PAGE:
The Camden International Film Festival (CIFF) is one of the premiere documentary film festivals, now in its 14th year. It will take place from September 13 through 16 in Camden, Rockport, and Rockland, Maine. While the festival is not organized thematically, there are a number of science and technology-related films that are featured each year. Before the start of this year’s festival, we spoke with programmer Sean Flynn. Flynn is also the director of Storyforms, CIFF’s showcase of immersive and interactive media.
Science & Film: Do you think consciously about programming science-related films, or has that emerged organically?
Sean Flynn: We never go into the programming process thinking that there are specific themes that we want to bring to the festival. It is an emergent process of seeing what’s out there, and there is a little bit of matchmaking between the films that we discover in the programming process and what we know our audience is interested in. We are a festival based in a rural town that has a big focus on conservation. There is a constellation of organizations in this area that are doing science education and research; it’s part of the fabric of this community. The majority of our audience is local, and I think we draw from a pretty broad cross-section of the local community. I think there are some shared values that cut across all of those communities, and one of them is a sense of place, a sense that this place is worth preserving and not overdeveloping. A theme that has run through almost every festival we’ve had is the environment. We have fewer environmentalist films this year, although we do have a few pieces in the Storyforms program that touch on those themes.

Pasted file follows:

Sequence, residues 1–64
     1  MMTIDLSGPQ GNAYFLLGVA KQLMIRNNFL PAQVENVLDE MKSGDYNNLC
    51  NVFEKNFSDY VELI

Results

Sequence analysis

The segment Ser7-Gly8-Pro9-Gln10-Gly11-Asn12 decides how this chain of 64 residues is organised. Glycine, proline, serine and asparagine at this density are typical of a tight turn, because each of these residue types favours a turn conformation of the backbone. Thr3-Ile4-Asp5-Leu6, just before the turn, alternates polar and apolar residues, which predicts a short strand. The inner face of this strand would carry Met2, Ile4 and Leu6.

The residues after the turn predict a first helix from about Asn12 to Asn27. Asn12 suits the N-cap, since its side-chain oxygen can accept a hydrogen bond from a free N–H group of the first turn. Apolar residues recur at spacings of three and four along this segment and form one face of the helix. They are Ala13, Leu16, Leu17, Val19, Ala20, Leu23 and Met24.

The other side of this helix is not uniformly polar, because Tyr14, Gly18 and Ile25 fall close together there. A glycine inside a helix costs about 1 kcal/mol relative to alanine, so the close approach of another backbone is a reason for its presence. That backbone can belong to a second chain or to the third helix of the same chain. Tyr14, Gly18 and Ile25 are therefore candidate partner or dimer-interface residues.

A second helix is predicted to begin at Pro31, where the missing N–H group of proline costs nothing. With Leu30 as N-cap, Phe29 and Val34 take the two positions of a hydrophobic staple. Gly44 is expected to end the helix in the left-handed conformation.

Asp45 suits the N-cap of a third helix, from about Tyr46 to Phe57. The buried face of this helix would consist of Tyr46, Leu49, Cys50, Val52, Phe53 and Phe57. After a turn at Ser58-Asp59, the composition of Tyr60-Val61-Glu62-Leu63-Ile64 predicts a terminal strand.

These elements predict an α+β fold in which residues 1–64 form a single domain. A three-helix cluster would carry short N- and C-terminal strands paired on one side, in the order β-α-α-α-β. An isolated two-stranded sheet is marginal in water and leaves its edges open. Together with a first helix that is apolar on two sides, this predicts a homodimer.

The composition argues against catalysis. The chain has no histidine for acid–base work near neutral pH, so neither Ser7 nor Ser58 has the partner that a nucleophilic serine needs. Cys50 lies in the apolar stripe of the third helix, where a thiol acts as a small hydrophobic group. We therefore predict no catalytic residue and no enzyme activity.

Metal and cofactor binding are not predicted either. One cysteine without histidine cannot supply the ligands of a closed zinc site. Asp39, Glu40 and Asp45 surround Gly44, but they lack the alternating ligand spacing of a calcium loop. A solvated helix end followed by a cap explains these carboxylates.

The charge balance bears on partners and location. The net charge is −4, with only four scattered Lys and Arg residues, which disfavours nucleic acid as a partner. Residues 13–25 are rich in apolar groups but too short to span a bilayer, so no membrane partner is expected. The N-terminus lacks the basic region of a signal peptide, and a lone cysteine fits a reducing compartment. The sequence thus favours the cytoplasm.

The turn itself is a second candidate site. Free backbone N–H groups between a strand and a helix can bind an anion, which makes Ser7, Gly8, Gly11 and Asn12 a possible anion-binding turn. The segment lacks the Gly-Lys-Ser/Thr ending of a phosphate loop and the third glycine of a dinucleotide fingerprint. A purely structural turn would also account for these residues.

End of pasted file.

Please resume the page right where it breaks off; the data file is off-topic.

I think it is an important time for documentary storytellers to find new ways of communicating science themes, given the political climate and erosion of trust in the institutions of science. I am always fascinated by films that can give you a new appreciation of science, even if you’re not a scientist.
S&F: You said you have fewer environmentalist films this year. Can you expand a bit on the kinds of science films you’re interested in as a programmer?
SF: I’m sure everybody has their own definition of science, but to me it’s about trying to understand nature through observation, recognition of patterns, and ultimately through constructing a story of how the world that we inhabit came to be. I think that there are a lot of parallels with documentary film. We are generally not showing a lot of films that are explicit advocacy pieces, but we do feel strongly that we want people to find their own sense of connection to the natural world and that film is a great way to do that. I think a great example of that is a film that we’re screening as part of the Storyforms program called WALDEN.
WALDEN is by a Swiss filmmaker, Daniel Zimmermann. It premiered at the Karlovy Vary Film Festival earlier this year. The entire film is 13 shots, and they’re all 360-degree pans from left to right. They follow a tree that is being felled in a forest in Austria that is then transported to Brazil. So you get a very visceral, experiential film. It’s meditative, it’s transportive, and I think leaves space to think about things like resource extraction, what a globalized economy looks like, and the flow of these natural resources like trees that are part of a larger ecosystem of commodity trading. So you see the intersection of the industrial world and the natural world. I would say that’s probably the closest thing we have to an environmental film in the festival.